Our guest author today is Dennis Brezina, who tells us a lovely story about the first time bird song was broadcast on radio, the song of nightingales in Great Britain singing with a renowned cellist.
I hope Dennis decides to publish his own blog; he is a Renaissance man with a powerful way with the pen. And quite a history himself, part of the team that established Earth Day back in 1970 while working for Senator Gaylord Nelson of Wisconsin. Besides author of a book on Congress and many, many articles, he is a graduate of the U.S. Naval Academy and Harvard. He has even written about his experiences running a bed & breakfast! We plan to publish more of his articles here, and here is the first one:
Consider the fascinating story of British cellist Beatrice Harrison, who “moved to the Surrey countryside in the 1920’s and began practicing in her garden at night in the spring. Nightingales began to join along with her, and she heard them matching her arpeggios with carefully timed trills. After getting used to her they would burst into song whenever she began to play.”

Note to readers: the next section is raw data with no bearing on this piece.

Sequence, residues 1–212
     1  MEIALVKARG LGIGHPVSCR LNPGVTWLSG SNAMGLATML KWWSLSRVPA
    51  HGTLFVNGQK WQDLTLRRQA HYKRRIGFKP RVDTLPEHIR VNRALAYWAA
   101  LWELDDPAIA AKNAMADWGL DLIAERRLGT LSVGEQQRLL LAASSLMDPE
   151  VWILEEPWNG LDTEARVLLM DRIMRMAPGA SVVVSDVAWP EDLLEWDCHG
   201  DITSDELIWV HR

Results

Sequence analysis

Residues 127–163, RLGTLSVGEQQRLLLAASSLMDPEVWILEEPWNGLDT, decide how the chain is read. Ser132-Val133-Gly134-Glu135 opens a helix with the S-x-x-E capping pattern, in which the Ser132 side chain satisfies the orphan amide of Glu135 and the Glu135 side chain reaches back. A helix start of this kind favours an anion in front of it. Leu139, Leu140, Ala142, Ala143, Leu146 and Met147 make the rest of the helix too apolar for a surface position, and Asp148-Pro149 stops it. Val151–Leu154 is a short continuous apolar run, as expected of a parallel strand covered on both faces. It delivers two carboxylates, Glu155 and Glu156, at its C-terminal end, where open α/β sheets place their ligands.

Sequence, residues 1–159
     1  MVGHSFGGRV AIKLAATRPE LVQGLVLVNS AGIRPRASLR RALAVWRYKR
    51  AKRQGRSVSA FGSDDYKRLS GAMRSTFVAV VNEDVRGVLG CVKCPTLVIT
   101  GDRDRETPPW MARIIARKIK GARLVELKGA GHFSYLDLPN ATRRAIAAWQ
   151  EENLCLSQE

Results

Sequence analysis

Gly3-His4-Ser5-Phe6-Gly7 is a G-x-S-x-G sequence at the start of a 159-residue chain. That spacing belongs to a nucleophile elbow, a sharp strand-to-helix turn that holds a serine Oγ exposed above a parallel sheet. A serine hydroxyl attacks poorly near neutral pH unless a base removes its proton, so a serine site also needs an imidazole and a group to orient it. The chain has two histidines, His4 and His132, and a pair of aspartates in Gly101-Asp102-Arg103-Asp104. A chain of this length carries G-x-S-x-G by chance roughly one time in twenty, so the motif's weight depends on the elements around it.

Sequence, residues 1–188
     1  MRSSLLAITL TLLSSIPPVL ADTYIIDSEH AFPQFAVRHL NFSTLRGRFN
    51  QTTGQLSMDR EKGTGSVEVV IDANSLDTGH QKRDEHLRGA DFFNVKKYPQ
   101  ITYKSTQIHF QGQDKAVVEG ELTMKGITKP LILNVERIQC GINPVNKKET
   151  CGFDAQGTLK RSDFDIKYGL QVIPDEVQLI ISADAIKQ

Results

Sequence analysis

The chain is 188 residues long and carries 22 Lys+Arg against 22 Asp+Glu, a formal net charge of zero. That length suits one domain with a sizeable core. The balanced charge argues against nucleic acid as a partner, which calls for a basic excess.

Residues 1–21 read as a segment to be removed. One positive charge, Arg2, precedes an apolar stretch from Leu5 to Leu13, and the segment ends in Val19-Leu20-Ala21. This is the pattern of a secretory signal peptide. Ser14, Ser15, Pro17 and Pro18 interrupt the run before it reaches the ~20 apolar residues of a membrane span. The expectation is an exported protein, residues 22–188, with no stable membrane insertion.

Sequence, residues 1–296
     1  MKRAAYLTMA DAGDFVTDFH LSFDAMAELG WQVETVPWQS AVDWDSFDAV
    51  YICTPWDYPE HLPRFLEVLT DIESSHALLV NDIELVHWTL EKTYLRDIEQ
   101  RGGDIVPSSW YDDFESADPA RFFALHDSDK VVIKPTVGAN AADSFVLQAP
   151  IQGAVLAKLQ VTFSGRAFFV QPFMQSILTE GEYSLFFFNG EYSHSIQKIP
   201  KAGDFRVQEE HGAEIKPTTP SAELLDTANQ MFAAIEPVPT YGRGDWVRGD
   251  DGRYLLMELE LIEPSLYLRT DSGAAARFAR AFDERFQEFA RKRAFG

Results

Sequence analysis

In 1924 she managed to convince Lord Reith, Director General of the BBC, that a performance of cello together with wild nightingales in her garden would be the perfect subject for the world’s first outdoor radio broadcast. Reith was initially hesitant: “Surely this would be too frivolous a use of our latest technology. What if the birds refuse to cooperate when we’re all set to go?” But he agreed to Harrison’s unique idea of broadcasting interspecies “music” in her backyard.
The engineers and sound technicians set up the microphones near the nightingales usual singing post and Harrison sat with her cello in a muddy ditch nearby so that one microphone could pick up both of them. “For over an hour Harrison played and no bird sang. Suddenly, just after 10:45 P.M., fifteen minutes before the broadcast was set to end, the nightingales began to sing along with Dvorak’s ‘Songs My Mother Taught Me.'”
Never before had a bird’s song or any other sound from the wild been sent over the airwaves. The program was heard as far away as Paris, Barcelona and Budapest, and many who had read about the fabled nightingale now heard one for the first time.
If you click on this link and click where it says to play, you will hear the original recording of bird song as Beatrice plays the Londonderry Air (Danny Boy).
Harrison received 50,000 letters of appreciation. After that late-night triumph she became one of the most sought after cellists of her time.
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